Nothing. I say nothing is more American than pouring a glass of Lite American Lager that you made from scratch. Yes, lager may have been born in Central Europe. Yes, it was really Canada that modernized it. Yes, it killed American micro-brewing for the last half century with the watery, numbing fury of a frat party.
Whatever! This sunny Memorial Day, we enjoy our lager (and freedom). The ingredients were as standard and patriotic as possible: American 2 row barley (half Oregon organic and half Midwestern), flaked American corn, flaked American rice, and lager yeast (from…Modello Mexico…close enough). No extracts, no bs.
Really, my brewster wife did all the work, I merely drank, cheer-led, and lifted heavy stuff. Lager turns out to be extremely difficult. Ales take a few weeks to make. But she had to bottle it early, rushing its rest and bottle-conditioning time. It should have sat on yeasts for months.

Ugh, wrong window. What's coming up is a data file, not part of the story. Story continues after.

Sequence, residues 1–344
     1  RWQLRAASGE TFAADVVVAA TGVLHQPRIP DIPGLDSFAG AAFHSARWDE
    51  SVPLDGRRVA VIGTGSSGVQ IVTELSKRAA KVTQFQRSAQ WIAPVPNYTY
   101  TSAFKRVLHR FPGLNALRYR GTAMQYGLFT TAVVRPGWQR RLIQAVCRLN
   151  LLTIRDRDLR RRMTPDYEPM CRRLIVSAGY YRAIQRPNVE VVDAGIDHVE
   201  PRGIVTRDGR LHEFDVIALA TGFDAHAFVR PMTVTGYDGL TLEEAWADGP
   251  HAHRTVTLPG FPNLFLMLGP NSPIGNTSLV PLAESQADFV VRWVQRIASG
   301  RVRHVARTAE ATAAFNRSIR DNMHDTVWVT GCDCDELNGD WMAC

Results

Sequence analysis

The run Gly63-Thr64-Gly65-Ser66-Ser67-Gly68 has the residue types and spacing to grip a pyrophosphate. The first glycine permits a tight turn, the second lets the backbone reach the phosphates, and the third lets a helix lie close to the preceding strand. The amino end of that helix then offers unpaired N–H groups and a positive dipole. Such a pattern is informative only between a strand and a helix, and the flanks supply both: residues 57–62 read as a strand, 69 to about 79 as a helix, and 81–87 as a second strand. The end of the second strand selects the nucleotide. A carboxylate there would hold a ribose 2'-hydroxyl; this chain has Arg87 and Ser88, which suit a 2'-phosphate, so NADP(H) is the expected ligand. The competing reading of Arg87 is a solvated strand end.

But a few extra bottles have slept for three months now. Have they grown up?
Appearance: It has a lightly hazy, straw color. A constant fine pearl of bubbles form a well-retained centimeter thick white head.
Aromas: Medium minus intense aromas of fresh yellow corn, chamomile honey, white bread, and apple hardly overwhelm.
Palate: Off dry sweetness leads to bright apple acidity, a mildly grainy bitterness, minor alcohol, and a light but round body. Effervescence keeps it lively.
Flavors: Medium intense flavors of honey-drizzled white bread, chamomile tea, and apple skin last for a mild but surprisingly medium plus length.
Conclusions: Since the goal was a Coors Lite clone, this is pretty close. Its light weight, fizz, tartness, and tidy refreshment are dead on. Sure more rest time would have wiped away that fruity apple flavor (acetaldehyde: a fault). Either way, it raises my flag this Memorial Day. Well done wife.